Michigan is most known for its being surrounded by some of the largest freshwater bodies in the world. That water beckons us to come play – and there is no shortage of options when it comes to playtime on the water. You can go swimming or take up a fishing pole. You could go on a fishing charter or take a ferry to an island.

Or, as many folks do during the summer, you can captain a vessel yourself. Pontoons are great for larger groups while a single kayak is ideal for a solitary trip down a lazy river. We’ll explore some popular questions when it comes to boating in Michigan


Do I need a special license to use a boat or personal watercraft?

No, you do not need a special license. However, if you are a Michigan resident and born after 1996, you need a boater’s safety certificate in your possession to operate a boat or personal watercraft.

Can I bring my own vessel or should I rent, if I’m visiting?

Either! A lot of people have already invested in watercraft and want to use it while visiting Michigan. However, it’s important to note that there may not be reciprocity for boating registrations, so check before bringing your vessel from out of state. This is part of the reason why state parks and towns offer boat rental services for motorized boats, pontoon boats, kayaks, and canoes, which are already registered in the state of Michigan.

Do I need to register my boat or personal watercraft?

If you’re from out of state, Michigan law allows owners of watercraft registered in another state to use in Michigan waterways up to 60 days. A boat cannot be registered in two states simultaneously. However, you can register a boat in Michigan to use in Michigan even if you live out of state.

For in-state, yes, your boat needs to be registered. This can be done online, at a self-service station, or at an office in person.

Certain types do not need to be registered: Privately owned boats that are less than 16 feet in length and propelled by oars or paddles. Privately owned, non-motorized canoes and kayaks, rafts, surfboards, and swim floats, regardless of length.

How many places are there to put in my boat?

According to the Michigan DNR, there are more than 1,300 public boat launches and 82 public harbors across the state. You can find information regarding these sites on the Michigan DNR website with its Harbor Guide (downloadable PDF) and with its online interactive map, which will help you home in on your location and nearest launches. Many of these locations are within state parks. It’s also important to note when a boat launch is closed. The Michigan DNR keeps everyone up to date on closures.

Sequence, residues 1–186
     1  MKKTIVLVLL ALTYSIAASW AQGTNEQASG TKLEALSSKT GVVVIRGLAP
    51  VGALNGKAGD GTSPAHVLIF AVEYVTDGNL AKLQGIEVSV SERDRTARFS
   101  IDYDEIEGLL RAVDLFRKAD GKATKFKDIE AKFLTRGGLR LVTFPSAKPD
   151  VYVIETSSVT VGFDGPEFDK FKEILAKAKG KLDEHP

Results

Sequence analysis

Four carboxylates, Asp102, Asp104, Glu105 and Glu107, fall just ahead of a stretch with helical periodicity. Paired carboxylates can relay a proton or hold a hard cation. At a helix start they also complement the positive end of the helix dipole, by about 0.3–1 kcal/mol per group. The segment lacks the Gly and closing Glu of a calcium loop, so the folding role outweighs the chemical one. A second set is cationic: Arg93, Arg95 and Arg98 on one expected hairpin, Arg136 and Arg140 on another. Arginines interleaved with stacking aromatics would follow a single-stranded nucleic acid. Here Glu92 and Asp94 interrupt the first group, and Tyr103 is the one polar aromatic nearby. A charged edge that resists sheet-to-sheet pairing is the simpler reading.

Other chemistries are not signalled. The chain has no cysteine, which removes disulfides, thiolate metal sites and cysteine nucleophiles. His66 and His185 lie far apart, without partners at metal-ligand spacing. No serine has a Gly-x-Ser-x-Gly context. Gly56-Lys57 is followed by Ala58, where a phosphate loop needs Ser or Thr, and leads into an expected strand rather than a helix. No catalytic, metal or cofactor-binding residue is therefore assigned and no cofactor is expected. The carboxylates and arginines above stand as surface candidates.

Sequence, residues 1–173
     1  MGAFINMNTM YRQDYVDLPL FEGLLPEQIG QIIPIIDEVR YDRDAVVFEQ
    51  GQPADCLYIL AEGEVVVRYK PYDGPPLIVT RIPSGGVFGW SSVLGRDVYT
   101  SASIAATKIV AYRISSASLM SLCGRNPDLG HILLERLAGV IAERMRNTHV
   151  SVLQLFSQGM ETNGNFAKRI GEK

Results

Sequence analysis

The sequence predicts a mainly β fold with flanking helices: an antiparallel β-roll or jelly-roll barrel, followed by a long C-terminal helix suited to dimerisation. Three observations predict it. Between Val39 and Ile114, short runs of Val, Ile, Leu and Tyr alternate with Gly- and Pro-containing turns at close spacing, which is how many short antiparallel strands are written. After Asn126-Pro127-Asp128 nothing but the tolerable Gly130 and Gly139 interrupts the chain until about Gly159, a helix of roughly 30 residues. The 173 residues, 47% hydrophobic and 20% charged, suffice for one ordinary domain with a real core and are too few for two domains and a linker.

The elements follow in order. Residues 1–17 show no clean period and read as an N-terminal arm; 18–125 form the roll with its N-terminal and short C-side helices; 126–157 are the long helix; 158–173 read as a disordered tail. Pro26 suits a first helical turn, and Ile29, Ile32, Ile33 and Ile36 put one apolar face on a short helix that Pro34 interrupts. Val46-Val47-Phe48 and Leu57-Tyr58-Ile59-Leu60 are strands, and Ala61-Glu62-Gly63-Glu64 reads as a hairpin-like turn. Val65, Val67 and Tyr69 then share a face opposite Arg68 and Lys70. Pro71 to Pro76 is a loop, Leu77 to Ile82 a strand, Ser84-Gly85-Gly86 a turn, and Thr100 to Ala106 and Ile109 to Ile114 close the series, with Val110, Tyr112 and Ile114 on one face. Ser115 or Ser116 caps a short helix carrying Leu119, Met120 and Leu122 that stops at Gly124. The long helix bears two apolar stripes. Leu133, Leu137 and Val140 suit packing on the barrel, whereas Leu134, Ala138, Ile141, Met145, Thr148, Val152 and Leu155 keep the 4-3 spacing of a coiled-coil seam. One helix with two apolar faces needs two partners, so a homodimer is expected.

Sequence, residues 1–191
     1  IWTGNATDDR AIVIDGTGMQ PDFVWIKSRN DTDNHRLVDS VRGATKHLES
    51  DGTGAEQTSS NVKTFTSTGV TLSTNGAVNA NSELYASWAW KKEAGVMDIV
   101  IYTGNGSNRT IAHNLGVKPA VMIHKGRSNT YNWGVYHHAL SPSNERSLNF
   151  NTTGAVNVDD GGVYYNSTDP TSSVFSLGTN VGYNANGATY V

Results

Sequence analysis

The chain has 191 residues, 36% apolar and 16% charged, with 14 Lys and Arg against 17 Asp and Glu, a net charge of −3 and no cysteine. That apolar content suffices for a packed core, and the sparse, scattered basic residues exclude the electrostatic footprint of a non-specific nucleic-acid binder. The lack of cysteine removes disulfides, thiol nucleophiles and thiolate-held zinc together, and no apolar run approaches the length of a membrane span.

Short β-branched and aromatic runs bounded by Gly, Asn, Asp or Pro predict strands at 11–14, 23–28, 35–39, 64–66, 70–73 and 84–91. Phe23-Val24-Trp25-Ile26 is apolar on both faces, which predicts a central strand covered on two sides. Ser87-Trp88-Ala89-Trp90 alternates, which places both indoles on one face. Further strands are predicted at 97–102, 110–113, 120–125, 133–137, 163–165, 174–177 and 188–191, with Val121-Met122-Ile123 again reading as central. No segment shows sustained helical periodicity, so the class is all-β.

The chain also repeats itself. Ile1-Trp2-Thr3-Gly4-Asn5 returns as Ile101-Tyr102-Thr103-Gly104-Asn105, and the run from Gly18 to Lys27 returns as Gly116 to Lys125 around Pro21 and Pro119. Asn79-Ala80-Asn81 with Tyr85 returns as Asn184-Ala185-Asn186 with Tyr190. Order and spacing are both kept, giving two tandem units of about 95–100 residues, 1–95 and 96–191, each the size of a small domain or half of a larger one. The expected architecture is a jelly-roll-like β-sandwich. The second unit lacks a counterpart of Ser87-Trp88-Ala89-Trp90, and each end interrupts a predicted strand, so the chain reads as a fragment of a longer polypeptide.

What should I know before I put in?

First and foremost, you should know whether the vessel or watercraft you intend to put into the water is appropriate for this particular body of water. Some lakes are no-wake lakes, meaning you can’t use your motor; a canoe or kayak or paddleboat would be more appropriate choices. The Great Lakes can get choppy at a moment’s notice, with big swells and whitecaps. You should have a boat that can better handle that type of motion. If you want to go kayaking, standard kayaks may not work well in all places. At Lake Superior, for instance, it’s recommended that sea kayaks be used to increase safety.

What supplies should I have on board?

Like our RVs, our boats should come equipped to handle some basic situations. Of course, the size of the watercraft and your intended activity with said watercraft alters your packing checklist. At the base level, if you’ll be on the water you’ll need:

  • Appropriate life jackets for each person, especially children, who should wear theirs at all times.
  • A cell phone and any other personal belongings such as wallets, cards, or keys in a watertight and floatable container, which can be found online or at sporting goods stores.
  • Emergency flare or noisemaker in case you get into trouble and need to contact someone for help.
  • Sunscreen – and bug repellent – if you plan to be in the sun for an extended period of time.

Of course, you need bumpers and lines if you plan to be docking anywhere or stopping at a marina for gas (in the case of pontoons and speed boats). An anchor, first-aid kit, and fire extinguisher, too.

Then, there’s all the fun stuff! Bring water games, fishing poles, tackle boxes, and have a great time.

Can my child or teenager drive the boat?

Young ones like to sit on laps and “drive” the boat under closer supervision for a short amount of time. As for more complete operation, the Michigan DNR discloses several conditions and rules for individuals who are 12 and older. That information can be found on their website.

What are the best ways to keep everybody safe?

Being prepared with the right supplies aboard, the vessel being in seaworthy condition, and staying alert are the best things you can do to keep everyone safe – and have a good time!

A lot of people like to bring along food and drink, including along the lines of adult libations. Drinking alcohol is permitted on boats, but you need to be responsible, especially if you’re responsible for driving. Alcohol use is the number one contributing factor for fatal accidents, not to mention impaired judgement and susceptibility to cold-water effects following immersion.

Again, as with RV travel, it’s a good idea to let someone know of your intended plan when you go boating: where you’re going, how many are going, when you anticipate to be back, description of the vessel, etc. Even if it’s leaving a note inside the RV, if someone ends up having to look for you, they have a good place to start.

Follow the rules of the water (boater’s safety gives you the basics and is worth reviewing if you’ve never boated much before or it’s been a while), keep the speed appropriate, and be respectful of other vessels and people around you.